The number of cases at institutional settings, especially at nursing homes and assisted living facilities continued to increase. Cases have now been confirmed at 155 institutional settings, representing 24 more from the day before with 716 cases now between staff and residents. A total of 51 residents at senior homes have died, amounting to 23% of all deaths. Beginning Thursday afternoon the county will begin reporting the facilities that have at least three confirmed cases, which health officials consider an outbreak.

“The more cases of COVID-19 in our community, the more outbreaks we will see at institutional settings,” said Ferrer who stressed that the department has been working closely with management at each facility.

The number of people hospitalized continued to tick upward on Thursday. Now roughly 24% of those who tested positive have been hospitalized, Ferrer said.

“It’s a sharp reminder that many of the people in the hospital are very ill from COVID-19,” Ferrer said. “As we’ve noted before COVID-19 does in fact cause serious illness.”

Across the region, Orange County has reported 1,079 cases and 17 deaths, Riverside County 1,179 cases and 32 deaths and San Bernardino County 639 cases and 20 deaths.

Statewide, the number of new cases rose to 18,309 confirmed cases and 492 deaths. “These are not statistics,” said Gov. Gavin Newsom in his noontime briefing Thursday. “Behind every stat is a real person, a real family who have been torn apart.

As of Thursday, there were 1,032 people in intensive care units units, representing a drop of 1.9% from Wednesday and a rare bright spot since the outbreak in California began.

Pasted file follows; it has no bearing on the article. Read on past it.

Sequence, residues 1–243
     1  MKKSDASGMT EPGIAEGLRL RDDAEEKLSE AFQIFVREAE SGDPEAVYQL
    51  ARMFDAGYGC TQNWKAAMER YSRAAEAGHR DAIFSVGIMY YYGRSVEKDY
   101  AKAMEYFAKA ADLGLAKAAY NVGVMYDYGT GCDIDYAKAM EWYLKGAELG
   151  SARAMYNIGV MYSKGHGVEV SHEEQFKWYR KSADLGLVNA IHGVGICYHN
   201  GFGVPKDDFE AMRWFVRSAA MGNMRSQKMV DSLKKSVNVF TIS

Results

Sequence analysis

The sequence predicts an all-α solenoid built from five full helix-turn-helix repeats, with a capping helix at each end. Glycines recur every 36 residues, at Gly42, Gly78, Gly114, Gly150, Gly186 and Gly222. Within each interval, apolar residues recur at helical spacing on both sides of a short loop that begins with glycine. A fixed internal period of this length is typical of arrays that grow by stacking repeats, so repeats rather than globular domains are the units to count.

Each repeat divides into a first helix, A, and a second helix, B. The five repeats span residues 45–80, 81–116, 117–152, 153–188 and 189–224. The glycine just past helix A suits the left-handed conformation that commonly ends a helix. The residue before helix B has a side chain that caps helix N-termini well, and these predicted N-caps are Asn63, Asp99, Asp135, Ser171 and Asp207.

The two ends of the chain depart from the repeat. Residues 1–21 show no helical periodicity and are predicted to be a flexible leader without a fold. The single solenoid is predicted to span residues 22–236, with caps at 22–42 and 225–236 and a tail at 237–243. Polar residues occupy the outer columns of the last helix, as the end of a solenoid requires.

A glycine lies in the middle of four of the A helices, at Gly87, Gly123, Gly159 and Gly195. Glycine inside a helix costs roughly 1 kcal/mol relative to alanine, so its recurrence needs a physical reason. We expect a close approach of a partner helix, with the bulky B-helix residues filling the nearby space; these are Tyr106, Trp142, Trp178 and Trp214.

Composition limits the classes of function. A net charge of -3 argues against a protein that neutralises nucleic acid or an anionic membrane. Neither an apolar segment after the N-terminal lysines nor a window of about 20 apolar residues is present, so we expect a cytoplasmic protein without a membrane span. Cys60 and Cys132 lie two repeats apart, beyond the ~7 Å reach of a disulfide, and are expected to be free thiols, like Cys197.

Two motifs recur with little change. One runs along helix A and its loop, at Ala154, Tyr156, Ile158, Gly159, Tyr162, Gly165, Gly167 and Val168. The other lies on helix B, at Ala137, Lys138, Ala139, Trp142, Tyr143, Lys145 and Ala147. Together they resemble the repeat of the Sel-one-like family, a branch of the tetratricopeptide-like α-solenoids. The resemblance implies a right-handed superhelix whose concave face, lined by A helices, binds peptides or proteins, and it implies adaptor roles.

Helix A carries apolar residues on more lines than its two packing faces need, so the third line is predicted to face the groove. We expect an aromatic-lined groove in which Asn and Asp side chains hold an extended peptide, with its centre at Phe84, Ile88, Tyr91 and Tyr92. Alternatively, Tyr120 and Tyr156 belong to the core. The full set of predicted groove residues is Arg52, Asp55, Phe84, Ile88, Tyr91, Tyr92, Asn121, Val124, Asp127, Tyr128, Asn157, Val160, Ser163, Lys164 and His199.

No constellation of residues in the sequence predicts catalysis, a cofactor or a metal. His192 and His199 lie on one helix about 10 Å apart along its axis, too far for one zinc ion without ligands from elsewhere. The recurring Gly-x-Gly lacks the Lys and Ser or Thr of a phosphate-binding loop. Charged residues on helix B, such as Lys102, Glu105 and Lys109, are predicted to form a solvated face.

“One data point is not a trend,” Newsom said. “One data point is not a headline so I caution anyone to read too much into that. It’s one point of data but nonetheless it’s encouraging. It again reinforces the wonderful work we are all doing. The curve has bent in the state but it continues to be stretched.”

Hospitalizations in California increased by 4.1% to 2,825 individuals, and the state had close to 12,000 ventilators available, not including emergency stockpiles, with 32% being used as of Thursday, Newsom said.

Meanwhile, a crew member on board the USNS Mercy tested positive for COVID-19 raising new questions about the role that the mobile field hospital will play. So far, there are no plans announced to change its mission of caring for non-COVID-19 positive patients as a release valve for regional hospitals.

Since the Mercy arrived in the Port of Los Angeles on March 27, it has treated 30 patients. As of Wednesday, there were 12 patients still on the ship.

Lt. Andrew Bertucci, a Navy spokesman on board the Mercy, said the positive test won’t affect the Mercy’s ability to receive and treat patients

“The ship is following protocols and taking every precaution to ensure the health and safety of all crew members and patients on board,” Bertucci said. “The hospital ship follows infection control procedures, just as any civilian hospital ashore.”